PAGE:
The agency’s announcement of its proposed rule comes just a short time after a March 31 deadline mandated by the consent decree that required the agency to propose a rule for chloroprene and ethylene oxide, and follow up with a finalized rule by March of 2024. Though the EPA had planned to set proposed rules for both chemicals before agreeing to the consent decree, the rule-making process for chemicals typically drags out for several years.
When asked how long it might take for new rules to be put into place, EPA spokesperson Shayla Powell said in an email to DeSmog, “Fenceline monitoring would have to begin at most facilities within one year after the rule is final. Most facilities would have two years after the rule is final to meet requirements for [ethylene oxide] and chloroprene; and three years to meet requirements that resulted from EPA’s technology review.” Powell added that the agency “cannot speculate” on how legal challenges might delay that timeline.
In an interview from the day of the press conference, NBC’s Cynthia McFadden asked Regan, “Why not shut the plant down?” while the rule is worked out and current legal challenges filed by the Department of Justice on behalf of the EPA against Denka and DuPont move forward.
“We are using every tool in our tool box” Regan replied. “If I had more powers, trust me, I would use them,” he told her.
But Wilma Subra, a chemist who has been working with the Concerned Citizens as a technical advisor since its inception in 2016, and Retired Lt. General Russel Honoré, the founder of Green Army, a coalition of environmental groups and concerned citizens fighting against pollution in Louisiana, disagree.
They assert that the EPA does have the power to shut down the plant. When the EPA had the DOJ file a complaint against Denka earlier this year, it cited an emergency power granted by Section 303 of the Clean Air Act that not only empowers the agency to take legal action, but also to use its authority to address risks before they cause harm. This includes the ability to stop a facility from operating for at least 60 days while others measures are being considered if the EPA deems its emissions to be an imminent and substantial endangerment to the public health or the welfare of the environment.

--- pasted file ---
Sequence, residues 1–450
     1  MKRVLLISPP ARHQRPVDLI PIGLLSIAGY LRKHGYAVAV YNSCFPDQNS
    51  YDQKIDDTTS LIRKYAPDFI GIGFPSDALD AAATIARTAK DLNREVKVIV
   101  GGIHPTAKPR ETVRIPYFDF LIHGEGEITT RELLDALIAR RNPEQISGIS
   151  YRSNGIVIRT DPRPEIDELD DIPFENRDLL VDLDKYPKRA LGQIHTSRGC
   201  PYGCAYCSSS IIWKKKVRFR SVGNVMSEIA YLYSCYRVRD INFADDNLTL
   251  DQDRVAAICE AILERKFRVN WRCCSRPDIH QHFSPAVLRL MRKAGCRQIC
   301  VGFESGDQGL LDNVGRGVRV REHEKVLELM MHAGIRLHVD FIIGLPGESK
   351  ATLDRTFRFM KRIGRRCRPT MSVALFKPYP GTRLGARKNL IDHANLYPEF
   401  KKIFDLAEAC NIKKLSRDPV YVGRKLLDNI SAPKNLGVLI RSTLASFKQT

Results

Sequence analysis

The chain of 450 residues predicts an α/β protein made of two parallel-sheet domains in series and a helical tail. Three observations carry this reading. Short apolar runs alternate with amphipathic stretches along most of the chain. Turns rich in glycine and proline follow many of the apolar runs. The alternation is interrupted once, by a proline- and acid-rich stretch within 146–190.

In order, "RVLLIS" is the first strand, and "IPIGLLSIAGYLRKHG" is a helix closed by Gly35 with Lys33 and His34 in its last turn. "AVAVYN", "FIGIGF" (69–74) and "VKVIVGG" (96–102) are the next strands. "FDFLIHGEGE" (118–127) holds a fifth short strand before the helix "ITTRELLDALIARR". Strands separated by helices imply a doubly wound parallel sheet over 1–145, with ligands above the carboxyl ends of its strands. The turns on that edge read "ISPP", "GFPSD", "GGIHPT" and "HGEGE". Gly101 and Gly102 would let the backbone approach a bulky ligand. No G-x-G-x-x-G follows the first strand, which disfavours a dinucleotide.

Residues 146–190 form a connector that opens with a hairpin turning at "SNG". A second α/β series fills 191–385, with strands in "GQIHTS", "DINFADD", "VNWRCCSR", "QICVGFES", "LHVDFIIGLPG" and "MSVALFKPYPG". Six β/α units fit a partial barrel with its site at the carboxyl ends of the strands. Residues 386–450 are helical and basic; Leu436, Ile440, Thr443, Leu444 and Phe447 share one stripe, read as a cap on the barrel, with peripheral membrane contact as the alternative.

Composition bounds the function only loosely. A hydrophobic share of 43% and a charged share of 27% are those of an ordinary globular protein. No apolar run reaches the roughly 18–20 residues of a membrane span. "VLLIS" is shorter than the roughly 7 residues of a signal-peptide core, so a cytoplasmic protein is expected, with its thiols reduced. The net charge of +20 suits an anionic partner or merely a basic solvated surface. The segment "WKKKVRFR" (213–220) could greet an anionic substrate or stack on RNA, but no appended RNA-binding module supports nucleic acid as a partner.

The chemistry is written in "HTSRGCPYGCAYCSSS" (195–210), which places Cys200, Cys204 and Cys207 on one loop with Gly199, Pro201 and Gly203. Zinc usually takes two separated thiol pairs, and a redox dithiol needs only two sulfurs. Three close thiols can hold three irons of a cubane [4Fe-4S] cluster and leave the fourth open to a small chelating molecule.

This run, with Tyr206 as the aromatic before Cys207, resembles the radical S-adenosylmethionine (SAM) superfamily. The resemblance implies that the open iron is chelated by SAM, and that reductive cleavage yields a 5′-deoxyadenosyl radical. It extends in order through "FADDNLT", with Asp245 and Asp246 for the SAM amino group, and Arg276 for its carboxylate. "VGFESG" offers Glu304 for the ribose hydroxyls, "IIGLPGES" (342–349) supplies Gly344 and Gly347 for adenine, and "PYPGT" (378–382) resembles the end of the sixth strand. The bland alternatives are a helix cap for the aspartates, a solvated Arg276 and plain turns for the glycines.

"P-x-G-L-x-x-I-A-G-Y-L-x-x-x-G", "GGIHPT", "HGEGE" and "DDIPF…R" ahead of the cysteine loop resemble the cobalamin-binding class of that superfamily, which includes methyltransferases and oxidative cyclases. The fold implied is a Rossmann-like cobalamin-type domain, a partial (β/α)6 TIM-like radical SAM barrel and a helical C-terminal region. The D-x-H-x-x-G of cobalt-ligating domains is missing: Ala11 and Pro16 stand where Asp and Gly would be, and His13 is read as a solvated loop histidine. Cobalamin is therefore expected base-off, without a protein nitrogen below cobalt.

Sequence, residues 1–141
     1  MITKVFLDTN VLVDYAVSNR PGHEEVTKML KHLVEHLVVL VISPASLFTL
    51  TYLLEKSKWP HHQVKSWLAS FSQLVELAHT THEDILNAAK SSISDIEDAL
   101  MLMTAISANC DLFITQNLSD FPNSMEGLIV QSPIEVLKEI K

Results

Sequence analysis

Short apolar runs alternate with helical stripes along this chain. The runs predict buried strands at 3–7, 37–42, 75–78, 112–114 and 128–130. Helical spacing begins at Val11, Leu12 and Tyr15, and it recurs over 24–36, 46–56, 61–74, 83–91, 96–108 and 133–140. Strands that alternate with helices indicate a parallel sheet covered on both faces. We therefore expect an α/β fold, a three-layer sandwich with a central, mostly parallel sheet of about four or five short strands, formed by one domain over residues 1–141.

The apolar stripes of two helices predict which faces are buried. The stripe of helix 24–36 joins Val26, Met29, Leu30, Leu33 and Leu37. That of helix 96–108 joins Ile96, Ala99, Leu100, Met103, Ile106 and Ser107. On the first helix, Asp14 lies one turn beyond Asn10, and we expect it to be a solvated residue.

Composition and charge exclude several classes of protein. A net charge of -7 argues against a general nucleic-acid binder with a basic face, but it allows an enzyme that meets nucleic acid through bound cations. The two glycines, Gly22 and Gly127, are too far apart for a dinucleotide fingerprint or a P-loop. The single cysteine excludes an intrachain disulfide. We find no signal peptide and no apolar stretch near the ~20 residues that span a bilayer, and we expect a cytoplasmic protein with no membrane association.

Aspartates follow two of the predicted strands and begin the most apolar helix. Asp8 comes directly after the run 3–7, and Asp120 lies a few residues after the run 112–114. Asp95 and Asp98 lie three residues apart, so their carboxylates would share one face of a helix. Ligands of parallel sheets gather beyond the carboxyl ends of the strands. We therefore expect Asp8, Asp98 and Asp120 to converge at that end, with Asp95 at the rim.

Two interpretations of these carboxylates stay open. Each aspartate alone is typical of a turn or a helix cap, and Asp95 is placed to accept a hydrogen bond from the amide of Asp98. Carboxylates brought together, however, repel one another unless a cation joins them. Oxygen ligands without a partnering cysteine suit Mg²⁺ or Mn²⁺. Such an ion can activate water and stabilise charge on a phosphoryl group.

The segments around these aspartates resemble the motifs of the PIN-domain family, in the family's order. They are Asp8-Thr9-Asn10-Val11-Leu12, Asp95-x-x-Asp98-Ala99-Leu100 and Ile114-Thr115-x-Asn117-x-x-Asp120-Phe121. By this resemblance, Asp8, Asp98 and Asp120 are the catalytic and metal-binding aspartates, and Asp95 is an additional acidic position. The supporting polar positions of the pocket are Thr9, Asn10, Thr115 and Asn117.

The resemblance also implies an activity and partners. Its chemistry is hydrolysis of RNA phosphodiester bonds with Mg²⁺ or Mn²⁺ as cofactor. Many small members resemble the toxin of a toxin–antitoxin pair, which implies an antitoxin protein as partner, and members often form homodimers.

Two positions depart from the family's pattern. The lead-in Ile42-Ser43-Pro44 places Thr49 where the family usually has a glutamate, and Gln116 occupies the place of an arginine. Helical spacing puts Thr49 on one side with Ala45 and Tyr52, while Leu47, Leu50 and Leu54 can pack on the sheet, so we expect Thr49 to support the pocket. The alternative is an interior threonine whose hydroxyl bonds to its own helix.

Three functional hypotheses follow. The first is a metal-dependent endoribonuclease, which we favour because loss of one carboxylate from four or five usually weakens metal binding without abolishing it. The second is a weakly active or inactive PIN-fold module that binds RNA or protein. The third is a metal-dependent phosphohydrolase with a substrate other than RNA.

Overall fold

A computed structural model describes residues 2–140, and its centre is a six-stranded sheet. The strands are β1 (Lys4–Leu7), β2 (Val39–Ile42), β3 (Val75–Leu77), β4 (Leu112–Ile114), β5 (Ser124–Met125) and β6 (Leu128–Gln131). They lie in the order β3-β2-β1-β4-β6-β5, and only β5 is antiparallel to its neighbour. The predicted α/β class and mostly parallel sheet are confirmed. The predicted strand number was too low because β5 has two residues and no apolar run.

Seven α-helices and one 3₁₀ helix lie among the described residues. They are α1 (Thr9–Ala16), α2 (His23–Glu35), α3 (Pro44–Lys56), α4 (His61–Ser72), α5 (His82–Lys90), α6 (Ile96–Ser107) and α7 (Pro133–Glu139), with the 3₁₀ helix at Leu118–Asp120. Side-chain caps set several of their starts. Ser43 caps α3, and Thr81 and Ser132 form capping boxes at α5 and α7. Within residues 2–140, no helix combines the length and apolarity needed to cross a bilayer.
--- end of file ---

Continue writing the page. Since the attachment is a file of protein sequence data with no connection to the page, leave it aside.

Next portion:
Powell, the EPA spokesperson, did not directly answer a question from DeSmog asking whether closing down Denka’s plant is one of the tools in the EPA’s toolbox. Instead, she wrote that “the United States filed a motion for a preliminary injunction in the Clean Air Act enforcement case, asking the court to immediately require Denka to significantly cut its pollution. The United States also asked the Court to order Denka to cease production if the company does not comply with the specific requested air pollution reducing actions.”
In an earlier interview with NBC, Deena Tumeh, an Earthjustice attorney who has been working with residents in the area, pointed out that these EPA motions could take years to resolve, adding that “The EPA has decided not to act fast enough to protect this community.”
“The EPA is opinionating, not regulating,” Honoré said on a call following the press conference. “Based on the analysis of the impact of the air on people, this should be an emergency. Those kids [at Fifth Ward Elementary] should be moved, and the company should be held accountable.”
In Honoré’s view, state and federal regulators are continuing to fail to protect the community in St. John the Baptist Parish by not requiring Denka to cut production or shut down until it is able to make changes that would ensure it could operate without emitting chloroprene above the EPA’s recommended safe level of 0.2 micrograms per cubic meter of air.
Honoré believes that regulators letting the company emit chloroprene at levels exceeding the threshold set to prevent a cancer risk — after reclassifying the chemical as a likely human carcinogen in 2010 — show that both parties are beholden to the chemical industry. Under both the Trump and Biden administrations, EPA leadership has failed to use all the tools in its tool box to protect the community. The fact that the agency has acknowledged children under 16 are more vulnerable to chloroprene emissions than adults, and yet action from the state and federal government has still fallen short of protecting the community, troubles him deeply.